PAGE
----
When THE LIVING DEAD AT THE MANCHESTER MORGUE was released it almost immediately came under fire from critics for its then outrageous levels of graphic splatter, a truly shocking cavalcade of carnage designed by none other than Italian FX wizard Giannetto De Rossi. De Rossi is the latex and karo syrup slinging genius who would later find acclaim drilling brains, poking out eyes and regurgitating guts under the watchful eye of the late, great Fulci and though his art here was not yet quite state of, it’s still pretty damned fantastic: flesh is ripped from bodies, innards are torn out of heaving bellies, eyeballs are eaten and perhaps most notoriously, an unfortunate lass has her blouse ripped open and her left breast crudely removed by the clawing hands of a hungry ghoul.


And speaking of ghouls, the homicidal stiffs on display here are really terrifying; a mangy, slow and stiff lot of relentless red-eyed refuse (incidentally, the crimson contact lenses appear to be exactly the same as the ones utilized for the ‘infected’ in Danny Boyle’s 28 Days Later and its sequel 28 Weeks Later). And these zombies aren’t a bunch of amateur local yokels bumbling around in greasepaint but are in fact real actors, characters ripped right out of the worst (or best, as the case with us horror fans may be) nightmare; I can honestly say that Spanish actor Fernando Hilbeck’s, gravestone tossing, recently resurrected, drowned hobo Gutherie, with his sopping wet clothes, blotchy stare and stubbly lock jaw is one of the most frightening screen bogeymen I’ve ever seen and the damage he inflicts on his victims is just as shuddery.

But beyond the moldy monsters and the ample waste of human life on display, the real impact in Grau’s remarkable motion picture lies in the level of intelligence, of finely crafted human drama, of mounting dread and almost Hitchcockian suspense (and black humor) that so effortlessly guides the grue. We come to genuinely care for George and Edna, to believe in their blossoming love, their genuine connection that builds under the direst of circumstances. And when things take a turn for the worse in the final reel, there’s a palpable sense of loss that pushes the horror into an emotional level unseen in the post Night, non-Romero zombie efforts. The score, by Giuliano Sorgini (SS HELL CAMP) is another major source of the picture’s skin tightening power, a soundscape that deftly veers between string soaked British lounge pop (especially effective in the dazzlingly edited opening credits montage) and heaving, gasping, synth burbling experimentalism.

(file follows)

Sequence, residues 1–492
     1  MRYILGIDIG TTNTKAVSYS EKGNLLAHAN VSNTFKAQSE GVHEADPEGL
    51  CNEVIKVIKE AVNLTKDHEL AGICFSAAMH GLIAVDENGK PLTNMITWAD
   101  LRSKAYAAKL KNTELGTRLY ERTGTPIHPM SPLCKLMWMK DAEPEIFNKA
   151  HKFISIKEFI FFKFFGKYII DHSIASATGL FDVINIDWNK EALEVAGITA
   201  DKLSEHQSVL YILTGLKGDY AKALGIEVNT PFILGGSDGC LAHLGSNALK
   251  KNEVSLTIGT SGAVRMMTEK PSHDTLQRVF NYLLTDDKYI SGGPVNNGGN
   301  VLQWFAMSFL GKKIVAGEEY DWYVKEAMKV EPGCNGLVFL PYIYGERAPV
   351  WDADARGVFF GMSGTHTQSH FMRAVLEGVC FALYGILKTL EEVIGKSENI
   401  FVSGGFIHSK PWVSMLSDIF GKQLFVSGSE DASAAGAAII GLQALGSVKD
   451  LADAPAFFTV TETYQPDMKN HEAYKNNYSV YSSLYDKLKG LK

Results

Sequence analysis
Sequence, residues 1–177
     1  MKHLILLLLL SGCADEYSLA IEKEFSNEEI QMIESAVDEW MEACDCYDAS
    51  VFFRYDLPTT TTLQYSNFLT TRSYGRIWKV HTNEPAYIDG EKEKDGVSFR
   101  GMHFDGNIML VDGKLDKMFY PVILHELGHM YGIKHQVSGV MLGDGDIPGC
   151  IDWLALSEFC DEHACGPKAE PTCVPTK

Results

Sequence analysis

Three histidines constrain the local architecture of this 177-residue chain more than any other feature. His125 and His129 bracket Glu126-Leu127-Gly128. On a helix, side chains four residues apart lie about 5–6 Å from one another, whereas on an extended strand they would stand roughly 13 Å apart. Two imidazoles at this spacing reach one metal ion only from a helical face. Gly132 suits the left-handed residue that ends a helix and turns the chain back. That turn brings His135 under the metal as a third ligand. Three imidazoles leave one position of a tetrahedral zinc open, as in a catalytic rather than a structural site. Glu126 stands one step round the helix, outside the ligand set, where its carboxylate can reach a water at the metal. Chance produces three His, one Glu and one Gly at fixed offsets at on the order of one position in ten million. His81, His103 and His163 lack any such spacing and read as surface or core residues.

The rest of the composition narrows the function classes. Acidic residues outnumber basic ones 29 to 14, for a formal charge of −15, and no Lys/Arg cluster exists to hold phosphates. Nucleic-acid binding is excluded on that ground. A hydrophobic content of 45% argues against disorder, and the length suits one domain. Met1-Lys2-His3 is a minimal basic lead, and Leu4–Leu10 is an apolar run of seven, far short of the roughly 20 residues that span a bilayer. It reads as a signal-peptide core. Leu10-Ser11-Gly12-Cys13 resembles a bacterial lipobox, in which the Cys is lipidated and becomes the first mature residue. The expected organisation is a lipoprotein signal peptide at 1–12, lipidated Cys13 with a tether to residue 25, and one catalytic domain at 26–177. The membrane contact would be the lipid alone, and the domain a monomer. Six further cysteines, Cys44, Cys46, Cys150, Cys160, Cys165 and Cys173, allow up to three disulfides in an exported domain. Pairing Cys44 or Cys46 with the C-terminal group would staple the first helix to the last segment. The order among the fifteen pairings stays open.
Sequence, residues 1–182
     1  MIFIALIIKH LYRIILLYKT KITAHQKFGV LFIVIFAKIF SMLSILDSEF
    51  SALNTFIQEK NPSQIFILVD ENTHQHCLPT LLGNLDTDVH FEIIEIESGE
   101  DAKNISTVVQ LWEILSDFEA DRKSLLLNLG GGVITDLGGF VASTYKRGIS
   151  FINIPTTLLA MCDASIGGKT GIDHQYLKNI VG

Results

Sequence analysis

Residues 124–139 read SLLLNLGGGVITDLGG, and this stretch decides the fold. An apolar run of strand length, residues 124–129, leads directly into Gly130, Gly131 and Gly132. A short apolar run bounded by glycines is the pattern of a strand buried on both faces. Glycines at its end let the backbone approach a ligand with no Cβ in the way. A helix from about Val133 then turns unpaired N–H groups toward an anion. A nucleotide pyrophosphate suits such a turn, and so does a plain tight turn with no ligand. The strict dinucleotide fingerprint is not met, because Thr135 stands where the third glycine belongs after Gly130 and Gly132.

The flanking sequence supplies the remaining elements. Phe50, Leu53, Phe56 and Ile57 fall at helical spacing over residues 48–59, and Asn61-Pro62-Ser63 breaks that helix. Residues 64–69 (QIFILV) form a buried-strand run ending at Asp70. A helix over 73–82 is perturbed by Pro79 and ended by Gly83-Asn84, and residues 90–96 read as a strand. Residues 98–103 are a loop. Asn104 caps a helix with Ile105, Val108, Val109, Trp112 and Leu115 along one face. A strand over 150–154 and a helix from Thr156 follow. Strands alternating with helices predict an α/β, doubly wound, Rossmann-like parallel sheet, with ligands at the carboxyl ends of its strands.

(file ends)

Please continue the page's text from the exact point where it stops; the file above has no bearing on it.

THE LIVING DEAD AT THE MANCHESTER MORGUE is an accessible, thought provoking and paralyzing Eurohorror classic whose ample flaws, frequent lapses in logic (does ANY of the action actually take place IN Manchester?) and many plot inconsistencies (how does Hilbeck manage to revive his fellow cadavers by wiping blood on their eyelids, exactly? Who cares! It’s creepy!) take a backseat to the movie’s many macabre and gruesomely elegant delights.

This isn’t the quasi- realist American horror of Romero and it isn’t the chunky in your face zombie opera shock of Fulci. This is the zombie film as dark, lyrical, melancholy fairy tale, a film that exists in a class of its own.

And it very well might be the best zombie movie ever made.